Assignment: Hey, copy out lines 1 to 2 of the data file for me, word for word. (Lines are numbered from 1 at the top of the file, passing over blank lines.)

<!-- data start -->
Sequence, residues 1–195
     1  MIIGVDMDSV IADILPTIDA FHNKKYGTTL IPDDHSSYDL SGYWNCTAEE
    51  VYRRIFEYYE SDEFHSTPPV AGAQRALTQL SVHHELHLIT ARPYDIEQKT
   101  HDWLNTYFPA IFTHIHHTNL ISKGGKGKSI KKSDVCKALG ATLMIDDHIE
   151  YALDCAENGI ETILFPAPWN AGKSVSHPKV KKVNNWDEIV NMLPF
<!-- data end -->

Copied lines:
Sequence, residues 1–195
     1  MIIGVDMDSV IADILPTIDA FHNKKYGTTL IPDDHSSYDL SGYWNCTAEE